"I go to see it as an art show," says Terri Watson of the national American Quilters Society Show and Contest, whose next event will be held at the DeVos Center in downtown Grand Rapids from August 22 - 25. More than 20,000 visitors from around the country are expected to attend. In addition to the contest and prize money (over $44,000!), the AQS Show hosts classes, and includes special events like an afternoon of fashion and tea at the Grand Rapids Public Museum. The AQS Show brings a new element to the growing art scene in Grand Rapids, which in the past five years has added the Grand Rapids Art Museum and Art Prize, where accepted artists have the chance to win $560,00 in prizes, and winners are chosen by the voting viewers and professional jurors.

Watson, a Member of the West Michigan Quilters Guild, says that part of the reason she enjoys the national quilt shows is the range of spectacular quilts on display. "There's usually something I can take away and adapt," she says. The tagline on her blog, Threadtales, is Ancora Imparo, "which means I'm still learning. There's always something new to learn if you want to," says Watson.

Quilt on display at the American Quilters Society Show (AQS).

Quilt on display at the American Quilters Society Show (AQS).

Photo Credit: Experience Grand Rapids

Quilting is about color, depth, texture, and history, says Watson. "Historically, quilting was one of the few things women could do that was both practical and creative," she says." Sometimes all we have to remember a particular woman is the quilt she made." Women continue to quilt today, she thinks, because its something they do for themselves. "It's a quiet time. It's very meditative."

Although Watson now runs a successful quilting business, Quiltworks in Grandville, MI, she didn't grow up quilting; she was originally a cross-stitcher. One day, years ago, she was in a fabric store looking for a cross-stitch pattern and saw the quilting section. "I left with a beginner quilting book and some fabric, she says, and decided I was going to make a quilt."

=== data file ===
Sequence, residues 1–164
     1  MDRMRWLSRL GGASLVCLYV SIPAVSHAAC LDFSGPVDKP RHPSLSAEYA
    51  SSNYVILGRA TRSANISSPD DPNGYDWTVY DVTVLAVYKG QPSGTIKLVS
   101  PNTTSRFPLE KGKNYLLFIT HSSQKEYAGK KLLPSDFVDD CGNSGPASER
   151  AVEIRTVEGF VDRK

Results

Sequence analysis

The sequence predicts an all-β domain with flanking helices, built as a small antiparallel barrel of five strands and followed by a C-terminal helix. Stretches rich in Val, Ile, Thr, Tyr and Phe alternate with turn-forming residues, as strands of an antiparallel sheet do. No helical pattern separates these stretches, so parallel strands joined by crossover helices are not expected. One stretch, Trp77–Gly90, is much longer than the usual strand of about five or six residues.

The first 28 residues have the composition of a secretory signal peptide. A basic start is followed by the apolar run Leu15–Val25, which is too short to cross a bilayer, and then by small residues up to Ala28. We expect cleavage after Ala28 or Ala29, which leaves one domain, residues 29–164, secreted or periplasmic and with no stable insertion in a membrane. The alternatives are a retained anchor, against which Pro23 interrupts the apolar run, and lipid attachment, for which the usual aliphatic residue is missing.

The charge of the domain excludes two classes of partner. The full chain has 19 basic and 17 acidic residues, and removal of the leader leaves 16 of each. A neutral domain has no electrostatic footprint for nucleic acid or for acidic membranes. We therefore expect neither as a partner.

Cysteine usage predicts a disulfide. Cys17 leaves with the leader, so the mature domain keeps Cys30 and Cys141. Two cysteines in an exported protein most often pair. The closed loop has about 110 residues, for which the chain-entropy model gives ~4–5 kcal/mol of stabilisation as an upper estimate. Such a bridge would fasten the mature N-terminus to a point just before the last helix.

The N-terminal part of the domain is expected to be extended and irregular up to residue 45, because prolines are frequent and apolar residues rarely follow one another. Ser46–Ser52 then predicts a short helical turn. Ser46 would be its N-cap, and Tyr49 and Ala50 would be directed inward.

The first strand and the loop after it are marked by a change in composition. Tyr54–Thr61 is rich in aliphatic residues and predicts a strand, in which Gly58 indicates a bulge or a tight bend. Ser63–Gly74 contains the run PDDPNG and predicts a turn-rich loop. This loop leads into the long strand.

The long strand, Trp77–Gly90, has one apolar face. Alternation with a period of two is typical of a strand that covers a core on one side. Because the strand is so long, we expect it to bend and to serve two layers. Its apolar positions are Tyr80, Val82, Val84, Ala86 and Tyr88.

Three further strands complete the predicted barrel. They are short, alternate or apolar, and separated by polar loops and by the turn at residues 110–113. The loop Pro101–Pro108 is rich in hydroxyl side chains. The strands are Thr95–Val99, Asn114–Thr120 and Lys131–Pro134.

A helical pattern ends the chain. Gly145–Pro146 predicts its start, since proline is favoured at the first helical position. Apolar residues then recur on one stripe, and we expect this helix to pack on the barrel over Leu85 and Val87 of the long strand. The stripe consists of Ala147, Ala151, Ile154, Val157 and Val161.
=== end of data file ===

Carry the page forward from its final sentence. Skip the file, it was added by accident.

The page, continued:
These days, you can usually find Watson in her quilting studio, a colorful and cozy creative space, where the walls are covered in quilts and the hum of her longarm quilting machine provides the background music. "It's a happy place for me," she says.

Watson hand-quilted for years, and still does occasionally, but running Quiltworks allows her to focus on her favorite part of the process: the actual quilting. For the novice, let me explain--when we think of a quilt, we think of the beautiful end product. But there are 3 basic parts to a quilt:

  1. The Top: Quilters piece the top, or design the fabric pattern you see on the top of a quilt.
  2. The Batting: This is the fluffy material in the middle--the thickness of the batting decides the thickness of the overall quilt.
  3. The Backing: A solid colored fabric that we see as the back or bottom of the quilt.

These three pieces of a quilt sandwich are sewn together in the process that's actually called quilting, which is the service Watson provides for others. The pattern the thread creates can be simple or complex, depending on the quilt tops pattern. (See the intricate quilting pattern on one of Watsons quilts, below.)

It's so neat to go to a quilt show and see your quilt hanging there. It's a phenomenal feeling.
- Terri Watson, Member of the West Michigan Quilters Guild

Watson explains that quilting is a very utilitarian job--the quilting ensures that the layers don't shift or bag--but that her work also adds another layer of design. "I get a lot of beautiful quilt tops in, but when I'm done quilting them they have a life they didn't have before. Quilting gives it the depth and texture that makes it a quilt," she says.

When Watson decided to leave her former job as a high school library supervisor, she'd already been quilting for a couple of decades. "I investigated the business of quilting for others and the different kids of machines for about six months," she says. She then spent six more months going through yards and yards of muslin and practicing on her own quilts. "As a quilter-for-hire, you're basically taking someone else's project, that they've put a lot of time and money into, and punching a couple hundred holes in it!" she says. "I wanted to be very confident that I could do it right."

You'll get the chance to see some of Watson's work at the upcoming juried AQS Show and Contest in Grand Rapids. Three of her clients' quilts were accepted, as well as one she did entirely on her own (the whole sandwich). "It's so neat to go to a quilt show and see your quilt hanging there," she says. "It's a phenomenal feeling."